Another object of the subject invention is to provide an underwater diving mask enclosing a small volume of air to permit easy clearing of the mask.

A still further object is to provide an underwater mask permitting divers who have far-sighted or near-sighted vision as well as those with normal vision to have clearly focused vision underwater.

To fulfill the above-stated objects, the subject invention provides an underwater divers mask with a lens system including a generally spherical portion for each eye; the center of spherical curvature of the outer surface of each of the lens portions lying approximately within the eye of the user. In a preferred embodiment a generally spherical corrective lens is incorporated in each of the lens portions, with the inner surface of each corrective lens having a radius of spherical curvature larger than the radius of curvature of the outer surface of the lens portion. The subject matter which is regarded as the subject invention is particularly pointed out and distinctly claimed in the concluding portion of the specification.

BRIEF DESCRIPTION OF THE DRAWING The present invention, however, together with further objects and advantages thereof, may best be understood by reference to the following description taken in connection with the accompanying drawings in which:

FIG. 1 is a perspective view of a preferred embodiment of an underwater divers mask including the subject invention;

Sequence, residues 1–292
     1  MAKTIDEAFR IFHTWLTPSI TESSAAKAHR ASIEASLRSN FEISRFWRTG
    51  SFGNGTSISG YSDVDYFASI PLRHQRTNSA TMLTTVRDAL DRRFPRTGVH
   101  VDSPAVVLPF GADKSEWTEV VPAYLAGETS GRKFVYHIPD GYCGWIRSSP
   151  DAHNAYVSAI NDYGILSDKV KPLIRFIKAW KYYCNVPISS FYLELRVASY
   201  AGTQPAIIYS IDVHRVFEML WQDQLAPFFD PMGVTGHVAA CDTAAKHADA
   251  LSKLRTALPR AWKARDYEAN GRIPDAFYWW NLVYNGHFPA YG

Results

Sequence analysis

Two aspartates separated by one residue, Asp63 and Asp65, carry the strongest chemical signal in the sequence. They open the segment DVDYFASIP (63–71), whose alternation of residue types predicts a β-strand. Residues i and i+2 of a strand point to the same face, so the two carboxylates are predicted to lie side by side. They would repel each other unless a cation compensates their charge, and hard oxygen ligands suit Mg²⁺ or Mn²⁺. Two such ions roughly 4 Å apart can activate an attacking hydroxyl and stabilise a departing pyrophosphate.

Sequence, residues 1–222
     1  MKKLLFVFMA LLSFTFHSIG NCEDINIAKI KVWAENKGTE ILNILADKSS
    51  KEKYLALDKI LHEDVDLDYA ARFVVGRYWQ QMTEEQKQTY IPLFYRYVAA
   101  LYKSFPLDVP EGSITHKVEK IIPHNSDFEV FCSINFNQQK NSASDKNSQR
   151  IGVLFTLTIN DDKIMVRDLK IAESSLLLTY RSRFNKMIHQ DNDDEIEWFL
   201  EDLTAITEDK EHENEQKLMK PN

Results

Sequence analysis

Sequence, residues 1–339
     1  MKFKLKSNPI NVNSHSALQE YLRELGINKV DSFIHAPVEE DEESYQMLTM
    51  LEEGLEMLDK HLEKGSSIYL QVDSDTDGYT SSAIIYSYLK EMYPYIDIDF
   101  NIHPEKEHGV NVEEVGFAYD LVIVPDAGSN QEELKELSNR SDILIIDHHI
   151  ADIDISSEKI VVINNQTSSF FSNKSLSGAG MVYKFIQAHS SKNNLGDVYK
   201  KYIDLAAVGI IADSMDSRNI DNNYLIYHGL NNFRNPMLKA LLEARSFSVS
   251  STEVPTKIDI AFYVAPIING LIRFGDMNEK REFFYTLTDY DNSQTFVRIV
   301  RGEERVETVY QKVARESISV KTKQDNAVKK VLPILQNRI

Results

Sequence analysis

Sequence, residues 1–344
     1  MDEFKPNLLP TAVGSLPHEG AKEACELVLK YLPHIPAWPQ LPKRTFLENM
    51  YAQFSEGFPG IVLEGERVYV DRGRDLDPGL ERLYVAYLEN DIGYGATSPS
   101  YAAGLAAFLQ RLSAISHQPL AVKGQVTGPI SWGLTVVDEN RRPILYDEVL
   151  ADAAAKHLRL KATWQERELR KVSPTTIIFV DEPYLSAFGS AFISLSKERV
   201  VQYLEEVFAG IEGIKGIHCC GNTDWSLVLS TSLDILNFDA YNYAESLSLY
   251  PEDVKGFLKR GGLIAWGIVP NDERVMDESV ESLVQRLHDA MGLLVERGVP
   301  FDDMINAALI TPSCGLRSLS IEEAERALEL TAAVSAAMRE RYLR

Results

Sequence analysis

FIG. 2 is a top-sectional view of the lens system of the underwater diving mask shown in FIG. 1 which particularly shows the relationship of the lens system to the eyes of a user;

FIG. 3 is a front view of the lens system shown in FIG. 2; viewed from the interior of the mask;

FIG. 4 is a top-sectional view of another embodiment of lens system in accordance with. the subject invention;

FIGS. 5a and 5b are side and front views, respectively, of a corrective lens for use in the lens systems of FIGS. 1-3;

FIGS. 6a and 6b are side and front views, respectively, of partially cut-off corrective lenses for use in the lens system of the subject invention; and

FIG. 7 is a top-sectional view of yet another embodiment of lens system, in accordance with the subject invention.

DESCRIPTION OF THE PREFERRED EMBODIMENTS In accordance with the subject invention, a preferred embodiment of an underwater diving mask 10 is shown in FIG. 1. The mask allows a user to have a very wide field of view and practically unlimited] peripheral vision while providing in-focus vision of objects viewed underwater through the mask at little or no magnification of the image of the object.

The mask is comprised of a resilient body 12 formed of a material such as rubber or neoprene, with an attached support strap 14, a lens system 16 and a clamping ring 18 for attaching lens system 16 to mask body 12. The mask body, support strap and clamping ring are all of conventional design. The novelty of the subject invention lies entirely in lens system 16. Any conventional mask design which can accept or could be adapted to accept the lens system of the subject invention could be used.

For purposes of this specification and claims, diving mask is hereby defined to include any eye covering for an underwater diver which contains a volume of air between the divers eyes and the lens system of the mask. This would include a mask which covers the eyes and nose of the diver, one which merely covers the eyes, and would also include a divers helmet in which the entire face of the diver is in an air environment.

Lens system 16, which is shown in greater detail in FIGS. 2 and 3, is comprised of generally spherical lens portions 20a, 20b for the left and right eye of the user, respectively, and an integral support flange 22 which is to be engaged by clamp 18 to attach lens system 16 to mask body 12. The lens portions are preferably joined together, as shown, to promote ease and economy in manufacture of the lenses and the mask itself.